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Ministers must speed up £300m superfast broadband scheme - CBI

New CBI report urges three main political parties to work up long-term digital policy plans to avoid 2015 "cliff edge".

Ministers must accelerate a £300m scheme to provide superfast broadband to rural households, a new CBI report urged yesterday.

Let's Get Digital report - online magazine version >>  
Let's Get Digital report - PDF version >>

The UK’s leading business group warns it is a mistake to hold back the investment until after the next election, arguing that households and firms in rural internet “not-spots” need to be connected faster.

It argues it would be more cost-effective to roll forward the funding to target existing local schemes and a wider range of technology to drive up connectivity now - including fixed, mobile, wireless and satellite systems.

The CBI’s Let’s Get Digital report says it was symptomatic of short-term thinking from politicians on the digital infrastructure the UK economy needs – with fears from industry that broader digital policy is facing a “cliff-edge” in two years.

It calls on the three major parties to agree urgently on plans for the next decade and beyond – pursuing them with the same “verve” and “passion” that the Victorians electrified towns and built the first rail system.

And it warns against complacency from ministers, despite the UK already boasting the world’s biggest online retail market, pointing to international competitors starting to catch up quickly and thousands of smaller firms still not maximising digital technology in how they operate.

Katja Hall, Chief Policy Director, said:

“Broader, faster digital networks are revolutionising how society and business operate, just as the Victorian rail and electrification systems transformed the world in the 1800s.

“The UK has a positive story to tell on digital but we cannot be complacent if we want to stay ahead. Politicians of all parties must set aside the carping and map out digital plans together for the next decade and beyond. Too often difficult decisions are kicked into the long grass.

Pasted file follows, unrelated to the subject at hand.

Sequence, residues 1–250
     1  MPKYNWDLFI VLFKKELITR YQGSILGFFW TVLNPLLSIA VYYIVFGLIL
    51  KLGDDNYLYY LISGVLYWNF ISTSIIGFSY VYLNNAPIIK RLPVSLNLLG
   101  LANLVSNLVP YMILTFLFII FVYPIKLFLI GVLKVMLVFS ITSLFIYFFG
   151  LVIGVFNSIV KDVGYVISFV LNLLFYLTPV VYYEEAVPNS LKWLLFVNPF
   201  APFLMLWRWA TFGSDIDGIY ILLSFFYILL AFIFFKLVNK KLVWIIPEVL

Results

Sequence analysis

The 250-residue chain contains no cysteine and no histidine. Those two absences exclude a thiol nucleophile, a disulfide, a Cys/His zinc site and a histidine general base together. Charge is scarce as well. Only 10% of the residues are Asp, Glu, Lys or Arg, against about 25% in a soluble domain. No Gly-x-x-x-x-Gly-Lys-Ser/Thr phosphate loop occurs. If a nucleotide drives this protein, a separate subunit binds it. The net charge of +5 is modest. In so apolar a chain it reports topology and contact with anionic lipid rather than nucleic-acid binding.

“Firms and industry need to know where they stand before investing for the long-term – with digital now as fundamental to business as transport or energy networks. Digital policy is not an optional add-on, it’s central to fuelling long-term growth through inward investment, job creation and exports.”

The other key recommendations include:

  • set up a major cross-industry-Whitehall review and strategy for digital infrastructure to meet the UK’s needs over the next decade;
  • revise future versions of the National Infrastructure Plan to get the right digital networks in place so contractors deliver major construction projects on-time and on-budget;
  • boost smaller firms’ take-up of e-commerce and digital business-models, through a major skills and awareness campaign. Research shows more SMEs marketing and doing business online could generate £18.8 billion a year;
  • expand online public services to drive demand for and infrastructure – including speeding up government’s ‘digital by default’ strategy;
  • create robust industry and business digital partnerships, like in the music industry, to maximise the potential of new technology.

On rural broadband

In 2011, the Government announced plans to give 90% of households in every UK local authority internet access to superfast broadband by May 2015 and a minimum of two megabits for others.

The programme was backed by £530m of matched funding for rural broadband projects and a further £300mm, if needed, from future BBC licence fee revenue beyond 2015 – through the Broadband Delivery Programme.

Last month’s 2015/16 Spending Review earmarked £250m of the £300m to extend high-speed service to 95% of homes by 2017.

Katja Hall said:

“We must close the rural/urban internet divide. It’s a huge concern that many areas still lack the high-speed connectivity that the rest of the country takes for granted.

“We cannot wait another two years for this investment to start flowing and we need clarity on the further £50m originally set aside, which still remains uncommitted. It will be far quicker to invest in existing innovative, ongoing local and industry schemes now to unlock economic and social benefits.”

“Industry has taken the lead on expanding broadband connectivity across the country. Government now has to do its bit on the hardest areas to reach – particularly when 4G is becoming standard and 5G is on the horizon.”

On boosting SMEs’ digital take-up

Katja Hall said:

“None of the on-going work to boost digital infrastructure will matter if the new networks are not used. You can take a horse to water but you cannot make it drink and we’ve seen the impact of even well-established high street firms not moving with the times. Both industry and government must work harder to give smaller firms the confidence and skills to shift online, where their customers are. We must make sure all the upgrade work does not go waste if we want to stay ahead of the rest of the world.”

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